|Quote, originally posted by lamarguy »|
|Since "microlon" is just another form of soluble PTFE (aka Teflon), I'm sure many people have tried it. |
Go to your local autoparts store and you'll find numerous products (e.g., Slick 50) with PTFE listed as their main ingredient. The problem is, PTFE has been proven ineffective in car engines since it tends to bond to non-moving parts, instead of moving parts.
Nothing to see here, move along folks...
These products have a well established history and are widely documented on the web.
Microlon first and foremost is a ZDDP, zinc dialkyl phospate containing product. This the well know high pressure anti-wear lube additive that has been used for years. 10-15 years ago the API, at the urging of the motor car manufacturers (who have to meet EPA clean air requirements), started lowering the phosphorus content specification for 0W, 5W, 10W weight multi-vis passenger car motor oils. The reason being that it is a (noble metal) catalyst inhibitor which leads to accelerated catalytic converter aging and deactivation.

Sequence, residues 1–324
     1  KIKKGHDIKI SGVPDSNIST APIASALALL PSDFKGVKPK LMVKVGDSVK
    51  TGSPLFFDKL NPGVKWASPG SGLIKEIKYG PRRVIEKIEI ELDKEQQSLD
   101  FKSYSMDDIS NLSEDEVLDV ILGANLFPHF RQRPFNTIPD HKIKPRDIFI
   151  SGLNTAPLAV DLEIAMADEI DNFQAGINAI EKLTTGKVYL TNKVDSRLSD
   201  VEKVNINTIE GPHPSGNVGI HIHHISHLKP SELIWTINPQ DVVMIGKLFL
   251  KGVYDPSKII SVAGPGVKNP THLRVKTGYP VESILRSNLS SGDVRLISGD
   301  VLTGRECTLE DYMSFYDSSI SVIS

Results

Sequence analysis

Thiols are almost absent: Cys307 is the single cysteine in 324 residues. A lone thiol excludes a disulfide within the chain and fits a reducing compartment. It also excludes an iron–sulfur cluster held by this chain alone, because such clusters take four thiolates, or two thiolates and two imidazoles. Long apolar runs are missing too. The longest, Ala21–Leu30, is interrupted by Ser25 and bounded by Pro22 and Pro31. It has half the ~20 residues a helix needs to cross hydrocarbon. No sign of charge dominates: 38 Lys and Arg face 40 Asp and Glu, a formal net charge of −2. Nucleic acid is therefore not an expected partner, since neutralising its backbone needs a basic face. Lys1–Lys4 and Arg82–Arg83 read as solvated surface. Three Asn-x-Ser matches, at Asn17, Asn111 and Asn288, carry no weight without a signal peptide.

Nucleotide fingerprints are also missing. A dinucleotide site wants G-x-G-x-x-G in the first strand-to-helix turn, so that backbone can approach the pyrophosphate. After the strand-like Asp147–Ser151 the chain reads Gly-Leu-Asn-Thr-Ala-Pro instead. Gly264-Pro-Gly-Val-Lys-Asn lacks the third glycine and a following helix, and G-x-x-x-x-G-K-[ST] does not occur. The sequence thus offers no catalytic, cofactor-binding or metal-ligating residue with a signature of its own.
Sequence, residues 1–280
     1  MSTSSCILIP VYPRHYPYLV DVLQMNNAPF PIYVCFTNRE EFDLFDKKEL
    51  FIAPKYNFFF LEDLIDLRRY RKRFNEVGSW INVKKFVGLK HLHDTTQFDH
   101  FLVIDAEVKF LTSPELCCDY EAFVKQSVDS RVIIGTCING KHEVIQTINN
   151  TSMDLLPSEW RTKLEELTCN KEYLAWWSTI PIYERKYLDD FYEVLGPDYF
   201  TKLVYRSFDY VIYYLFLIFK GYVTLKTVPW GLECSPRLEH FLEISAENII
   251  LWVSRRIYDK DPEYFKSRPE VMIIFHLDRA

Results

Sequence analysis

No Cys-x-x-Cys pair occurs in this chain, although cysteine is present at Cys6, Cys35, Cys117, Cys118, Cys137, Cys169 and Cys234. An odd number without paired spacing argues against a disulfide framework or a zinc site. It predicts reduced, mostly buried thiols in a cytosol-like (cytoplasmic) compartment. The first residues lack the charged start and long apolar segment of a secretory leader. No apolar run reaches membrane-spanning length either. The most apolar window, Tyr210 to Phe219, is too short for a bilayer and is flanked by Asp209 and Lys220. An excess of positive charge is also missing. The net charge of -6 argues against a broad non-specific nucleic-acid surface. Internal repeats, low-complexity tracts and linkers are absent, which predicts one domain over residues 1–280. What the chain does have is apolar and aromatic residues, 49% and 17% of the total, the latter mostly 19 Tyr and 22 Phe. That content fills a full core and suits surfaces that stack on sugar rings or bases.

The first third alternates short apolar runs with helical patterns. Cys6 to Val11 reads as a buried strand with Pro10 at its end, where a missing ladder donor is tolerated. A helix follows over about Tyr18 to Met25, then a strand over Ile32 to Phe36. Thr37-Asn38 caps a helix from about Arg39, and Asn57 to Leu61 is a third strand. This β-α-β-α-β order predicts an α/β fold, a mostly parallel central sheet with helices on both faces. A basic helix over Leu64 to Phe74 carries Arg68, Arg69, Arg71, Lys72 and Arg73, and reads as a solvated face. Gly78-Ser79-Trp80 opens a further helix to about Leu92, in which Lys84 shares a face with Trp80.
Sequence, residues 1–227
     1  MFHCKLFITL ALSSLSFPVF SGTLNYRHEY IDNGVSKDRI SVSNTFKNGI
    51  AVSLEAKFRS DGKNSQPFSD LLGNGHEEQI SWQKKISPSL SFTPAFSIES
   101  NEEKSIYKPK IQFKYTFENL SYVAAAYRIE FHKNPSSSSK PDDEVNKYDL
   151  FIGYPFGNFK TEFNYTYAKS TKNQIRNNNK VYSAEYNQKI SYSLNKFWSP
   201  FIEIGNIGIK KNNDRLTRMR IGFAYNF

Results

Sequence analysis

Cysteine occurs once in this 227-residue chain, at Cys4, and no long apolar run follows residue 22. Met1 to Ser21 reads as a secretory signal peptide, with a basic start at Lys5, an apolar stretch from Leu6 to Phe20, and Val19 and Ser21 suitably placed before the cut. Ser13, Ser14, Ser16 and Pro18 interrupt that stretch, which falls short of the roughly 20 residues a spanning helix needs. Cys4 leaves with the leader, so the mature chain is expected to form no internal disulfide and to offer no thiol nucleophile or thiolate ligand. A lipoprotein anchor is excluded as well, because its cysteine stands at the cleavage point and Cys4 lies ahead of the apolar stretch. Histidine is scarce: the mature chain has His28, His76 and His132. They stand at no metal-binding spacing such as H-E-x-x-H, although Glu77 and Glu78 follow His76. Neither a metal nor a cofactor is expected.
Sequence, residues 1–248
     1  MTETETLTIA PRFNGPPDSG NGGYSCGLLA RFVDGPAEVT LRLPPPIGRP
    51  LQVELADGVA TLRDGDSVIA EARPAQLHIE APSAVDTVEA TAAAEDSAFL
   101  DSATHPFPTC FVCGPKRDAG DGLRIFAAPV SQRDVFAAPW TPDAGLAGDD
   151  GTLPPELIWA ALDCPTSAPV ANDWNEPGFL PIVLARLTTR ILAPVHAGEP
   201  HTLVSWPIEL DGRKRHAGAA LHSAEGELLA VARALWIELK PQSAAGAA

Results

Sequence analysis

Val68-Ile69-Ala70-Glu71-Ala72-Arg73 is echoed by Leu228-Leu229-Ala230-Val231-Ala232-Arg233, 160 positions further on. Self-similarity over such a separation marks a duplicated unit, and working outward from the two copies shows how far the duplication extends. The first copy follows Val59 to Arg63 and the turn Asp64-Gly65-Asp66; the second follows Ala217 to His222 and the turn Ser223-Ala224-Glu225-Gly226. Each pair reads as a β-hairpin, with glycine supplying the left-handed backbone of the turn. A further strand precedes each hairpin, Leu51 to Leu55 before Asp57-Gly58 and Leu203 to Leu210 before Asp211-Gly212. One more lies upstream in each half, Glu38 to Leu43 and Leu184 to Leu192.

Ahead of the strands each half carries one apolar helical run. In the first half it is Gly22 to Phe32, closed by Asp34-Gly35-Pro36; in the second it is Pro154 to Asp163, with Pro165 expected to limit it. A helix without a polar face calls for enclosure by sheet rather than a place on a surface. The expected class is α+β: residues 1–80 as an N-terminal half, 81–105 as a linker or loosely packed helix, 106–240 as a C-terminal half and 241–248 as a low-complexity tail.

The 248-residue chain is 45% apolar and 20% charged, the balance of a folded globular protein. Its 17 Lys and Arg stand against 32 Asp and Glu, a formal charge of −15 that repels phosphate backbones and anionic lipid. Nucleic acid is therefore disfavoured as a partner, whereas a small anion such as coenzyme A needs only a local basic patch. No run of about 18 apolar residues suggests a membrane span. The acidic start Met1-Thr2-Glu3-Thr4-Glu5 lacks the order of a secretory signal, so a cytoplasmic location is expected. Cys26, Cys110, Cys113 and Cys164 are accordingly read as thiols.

From its description, Microlon, probably also contains a fluoropolymer (or a modified fluoropolymer, of which Teflon is one) dispersion. These again are nothing new and have been shown to be largely insignificant. You may recall that the purveyors of Slick 50 paid a large fine for false advertising claims about these products.
So, what about the claims for ZDDP? Most all true; it is a proven additive. Is it necessary? This is the Pandora's box. There is good reason to lower the phosphorus content of motor oils (vide supra), however, some claim that you can't make a good motor oil without it. Synthetic oil, other additives and improved metallurgy make up for the lost phosphorus. The debate is fueled mostly by the additive manufacturers, the old & vintage car community (and they are justified, so let them buy things like microlon) and the uninformed who buy and swear by products like Slick 50.
Something to think about: Fact, phosporus compounds will shorten the life of your catalytic converter. The question is how fast. Yes, you may not own the car after 80K, 100K miles, but if you do and have to replace a converter consider what has happened to the price of the active metals in that catalytic converter over the last 2 to 3 years. They have skyrocketed, tripling the cost of a catalytic converter. Just ask your dealer how much a replacement is.
The answer is simple, follow Volvo's recommendations if your car is 10-13 (or so) years old or newer and use an appropriate synthetic oil from one of the major lube companies.